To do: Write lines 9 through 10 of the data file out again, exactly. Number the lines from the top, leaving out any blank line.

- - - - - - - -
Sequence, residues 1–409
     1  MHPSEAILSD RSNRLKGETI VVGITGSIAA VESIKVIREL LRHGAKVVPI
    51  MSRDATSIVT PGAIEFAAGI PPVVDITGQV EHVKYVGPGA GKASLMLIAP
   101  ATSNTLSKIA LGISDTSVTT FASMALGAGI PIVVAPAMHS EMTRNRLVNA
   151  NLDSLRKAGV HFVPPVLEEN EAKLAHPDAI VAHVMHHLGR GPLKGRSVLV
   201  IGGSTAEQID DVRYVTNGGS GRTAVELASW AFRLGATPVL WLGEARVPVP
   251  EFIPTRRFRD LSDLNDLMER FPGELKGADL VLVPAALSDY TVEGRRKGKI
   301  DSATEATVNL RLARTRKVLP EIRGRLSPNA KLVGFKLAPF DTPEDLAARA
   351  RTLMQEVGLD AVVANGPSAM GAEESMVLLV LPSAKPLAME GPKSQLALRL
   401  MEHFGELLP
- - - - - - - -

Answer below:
   351  RTLMQEVGLD AVVANGPSAM GAEESMVLLV LPSAKPLAME GPKSQLALRL
   401  MEHFGELLP